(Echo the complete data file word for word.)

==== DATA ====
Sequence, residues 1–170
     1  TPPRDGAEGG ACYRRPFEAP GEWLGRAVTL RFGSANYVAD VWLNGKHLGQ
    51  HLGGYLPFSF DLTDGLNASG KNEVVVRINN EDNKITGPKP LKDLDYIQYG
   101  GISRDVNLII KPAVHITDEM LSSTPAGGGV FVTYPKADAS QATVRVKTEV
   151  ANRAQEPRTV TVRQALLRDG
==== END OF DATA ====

Sequence, residues 1–170
     1  TPPRDGAEGG ACYRRPFEAP GEWLGRAVTL RFGSANYVAD VWLNGKHLGQ
    51  HLGGYLPFSF DLTDGLNASG KNEVVVRINN EDNKITGPKP LKDLDYIQYG
   101  GISRDVNLII KPAVHITDEM LSSTPAGGGV FVTYPKADAS QATVRVKTEV
   151  ANRAQEPRTV TVRQALLRDG